Through sound, film, and painting he highlights the stark contrasts between his country of birth, Saudi Arabia, and the European metropolitan cities where he was raised.

“I lived most of my life outside Saudi Arabia, and the video includes footage from my journey abroad in different countries and continents over the last seven years,” Hammad told Arab News.

“It is narrated by voice messages from my mother who used to send me a lot of messages updating me about the family, praying for me, and asking me to come back. And I’m finally here with her.”

Hammad said that he liked the idea behind the exhibition because it focused on personal experiences and inner crises. “Most of my art is expressive, it represents internal experiences and sometimes indirectly addresses social issues through self-reflection. In the past, exhibitions used to impose a certain topic on the artists, and my style was usually not in sync with their style.”

In September, the Athr Gallery invited artists from all disciplines to apply to take part in the YSA initiative. The program is designed to help young artists conceptualize their work and develop their projects, while allowing them to exhibit in a professional context, collaborate with a curator, and expose their work to criticism as well as to the marketplace.

“It is pleasant how the public and artists reacted to the initiative; we received over 200 applications, our biggest-ever number of applicants,” said Mohammed Hafiz, the gallery’s co-founder.

“There are two things we did differently this year. We appointed an independent curator and a partly international committee to select the artists,” Hafiz told Arab News. “We believe in supporting and stimulating the creative market. However, everyone has to take charge and responsibility for their future.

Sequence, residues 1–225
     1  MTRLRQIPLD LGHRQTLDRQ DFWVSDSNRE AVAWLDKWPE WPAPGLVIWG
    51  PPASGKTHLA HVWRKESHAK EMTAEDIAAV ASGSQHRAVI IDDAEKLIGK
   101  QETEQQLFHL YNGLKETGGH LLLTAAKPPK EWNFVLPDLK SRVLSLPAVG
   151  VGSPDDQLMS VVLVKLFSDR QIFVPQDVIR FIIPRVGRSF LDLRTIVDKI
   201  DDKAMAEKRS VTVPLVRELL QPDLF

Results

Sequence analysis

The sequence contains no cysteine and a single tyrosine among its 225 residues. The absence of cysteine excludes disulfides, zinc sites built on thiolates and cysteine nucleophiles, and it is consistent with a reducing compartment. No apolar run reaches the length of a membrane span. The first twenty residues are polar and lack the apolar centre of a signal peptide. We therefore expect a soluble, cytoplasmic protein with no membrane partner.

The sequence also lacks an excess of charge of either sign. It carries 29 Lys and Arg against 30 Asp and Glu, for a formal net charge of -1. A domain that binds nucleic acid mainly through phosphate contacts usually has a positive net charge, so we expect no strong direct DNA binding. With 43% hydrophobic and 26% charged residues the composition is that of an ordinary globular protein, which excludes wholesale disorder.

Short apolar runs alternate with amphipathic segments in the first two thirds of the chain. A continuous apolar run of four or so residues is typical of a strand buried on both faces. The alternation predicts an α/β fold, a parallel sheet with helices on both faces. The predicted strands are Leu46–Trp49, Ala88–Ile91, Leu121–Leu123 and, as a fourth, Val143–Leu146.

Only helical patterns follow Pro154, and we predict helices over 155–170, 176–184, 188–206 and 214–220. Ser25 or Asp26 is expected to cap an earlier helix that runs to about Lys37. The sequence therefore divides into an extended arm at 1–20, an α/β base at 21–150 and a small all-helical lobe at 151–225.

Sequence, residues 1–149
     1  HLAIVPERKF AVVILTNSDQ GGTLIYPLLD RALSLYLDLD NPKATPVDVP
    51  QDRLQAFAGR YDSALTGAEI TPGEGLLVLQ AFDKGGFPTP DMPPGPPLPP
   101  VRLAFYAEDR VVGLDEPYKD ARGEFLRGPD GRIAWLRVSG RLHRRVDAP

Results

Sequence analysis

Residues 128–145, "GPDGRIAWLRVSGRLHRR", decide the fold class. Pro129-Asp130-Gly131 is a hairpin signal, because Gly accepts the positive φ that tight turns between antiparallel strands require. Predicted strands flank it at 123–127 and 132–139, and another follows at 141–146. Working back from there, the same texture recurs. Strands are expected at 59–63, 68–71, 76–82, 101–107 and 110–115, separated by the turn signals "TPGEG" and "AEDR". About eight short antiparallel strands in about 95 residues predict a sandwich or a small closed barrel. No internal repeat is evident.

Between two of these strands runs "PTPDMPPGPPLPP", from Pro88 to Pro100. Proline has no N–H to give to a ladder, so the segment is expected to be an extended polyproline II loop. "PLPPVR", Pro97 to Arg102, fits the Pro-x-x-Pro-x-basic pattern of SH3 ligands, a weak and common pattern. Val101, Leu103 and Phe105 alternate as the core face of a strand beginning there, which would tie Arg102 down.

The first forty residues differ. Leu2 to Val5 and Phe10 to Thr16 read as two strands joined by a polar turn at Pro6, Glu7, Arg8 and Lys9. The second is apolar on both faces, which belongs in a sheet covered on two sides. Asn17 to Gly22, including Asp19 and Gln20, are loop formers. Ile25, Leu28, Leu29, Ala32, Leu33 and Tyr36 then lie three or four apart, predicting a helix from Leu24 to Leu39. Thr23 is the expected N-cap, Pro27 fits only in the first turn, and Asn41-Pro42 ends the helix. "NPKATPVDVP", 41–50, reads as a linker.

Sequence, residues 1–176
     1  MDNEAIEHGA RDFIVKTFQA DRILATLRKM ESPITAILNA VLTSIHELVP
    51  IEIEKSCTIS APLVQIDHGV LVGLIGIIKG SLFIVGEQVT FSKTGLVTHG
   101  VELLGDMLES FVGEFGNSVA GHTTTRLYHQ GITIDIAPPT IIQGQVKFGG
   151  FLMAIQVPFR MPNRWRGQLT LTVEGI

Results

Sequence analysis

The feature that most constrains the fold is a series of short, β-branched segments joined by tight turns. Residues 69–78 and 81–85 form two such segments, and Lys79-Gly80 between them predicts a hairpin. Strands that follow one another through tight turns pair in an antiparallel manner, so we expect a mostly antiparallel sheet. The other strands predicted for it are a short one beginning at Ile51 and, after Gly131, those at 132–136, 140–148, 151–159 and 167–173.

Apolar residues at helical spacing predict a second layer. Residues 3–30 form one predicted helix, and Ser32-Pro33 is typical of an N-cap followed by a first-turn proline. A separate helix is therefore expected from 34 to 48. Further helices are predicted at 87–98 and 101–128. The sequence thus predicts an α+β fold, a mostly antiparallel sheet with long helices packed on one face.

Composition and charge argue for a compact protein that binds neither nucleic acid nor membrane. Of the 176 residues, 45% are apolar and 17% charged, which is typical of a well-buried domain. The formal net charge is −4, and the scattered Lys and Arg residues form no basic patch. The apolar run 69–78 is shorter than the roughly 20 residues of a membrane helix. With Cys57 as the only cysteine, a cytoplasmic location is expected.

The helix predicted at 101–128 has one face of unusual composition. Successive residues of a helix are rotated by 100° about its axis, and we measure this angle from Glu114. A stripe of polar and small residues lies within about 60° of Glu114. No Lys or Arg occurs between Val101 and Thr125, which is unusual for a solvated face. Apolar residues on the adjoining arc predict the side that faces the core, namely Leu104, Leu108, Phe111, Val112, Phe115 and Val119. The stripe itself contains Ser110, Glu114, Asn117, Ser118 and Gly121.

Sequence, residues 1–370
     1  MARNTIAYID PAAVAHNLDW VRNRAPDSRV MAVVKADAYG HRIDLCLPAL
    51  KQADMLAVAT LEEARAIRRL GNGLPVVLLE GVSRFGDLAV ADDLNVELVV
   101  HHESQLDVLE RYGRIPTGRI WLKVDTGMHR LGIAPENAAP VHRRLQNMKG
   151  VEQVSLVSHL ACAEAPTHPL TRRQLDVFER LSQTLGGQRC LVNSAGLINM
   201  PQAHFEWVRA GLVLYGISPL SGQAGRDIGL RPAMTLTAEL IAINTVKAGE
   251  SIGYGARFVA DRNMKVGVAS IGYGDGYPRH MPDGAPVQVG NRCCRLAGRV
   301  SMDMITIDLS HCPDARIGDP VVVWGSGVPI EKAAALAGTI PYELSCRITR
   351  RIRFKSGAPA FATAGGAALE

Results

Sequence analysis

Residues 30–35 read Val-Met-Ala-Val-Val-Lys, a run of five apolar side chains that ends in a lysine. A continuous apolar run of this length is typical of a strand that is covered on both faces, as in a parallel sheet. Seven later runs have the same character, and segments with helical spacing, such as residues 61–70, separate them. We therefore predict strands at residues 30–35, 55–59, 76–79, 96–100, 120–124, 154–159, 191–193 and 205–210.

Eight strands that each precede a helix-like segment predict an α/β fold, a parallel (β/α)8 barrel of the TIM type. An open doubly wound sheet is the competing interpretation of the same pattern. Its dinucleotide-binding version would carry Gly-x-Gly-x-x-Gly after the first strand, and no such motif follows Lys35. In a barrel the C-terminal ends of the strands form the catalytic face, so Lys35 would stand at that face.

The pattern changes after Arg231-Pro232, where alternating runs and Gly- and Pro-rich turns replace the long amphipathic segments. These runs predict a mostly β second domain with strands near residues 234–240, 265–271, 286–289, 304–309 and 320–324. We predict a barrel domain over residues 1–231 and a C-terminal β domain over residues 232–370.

“Therefore, during the exhibition, artists get to engage with the public and professionals, including critics, the media, and other galleries. This is an opportunity to interact with the world as artists.

“Some of the artists will end up being represented by us in YSA; those who are no longer presented by YSA might be picked up by other galleries or decided to change their path. Some YSAers decided to become film directors or graphic designers because when they went through the process, they realized that this was not their preference,” Hafiz added.

The exhibition, which will also introduce the works of 110 Saudi-based artists in a gallery context, runs until Jan. 15, 2020.


Saudi rural tourism recovers after months of forced isolation

Updated 11 July 2020

Saudi rural tourism recovers after months of forced isolation

  • Saudis turn to domestic traveling and flock to their nation’s cooler cities and rural areas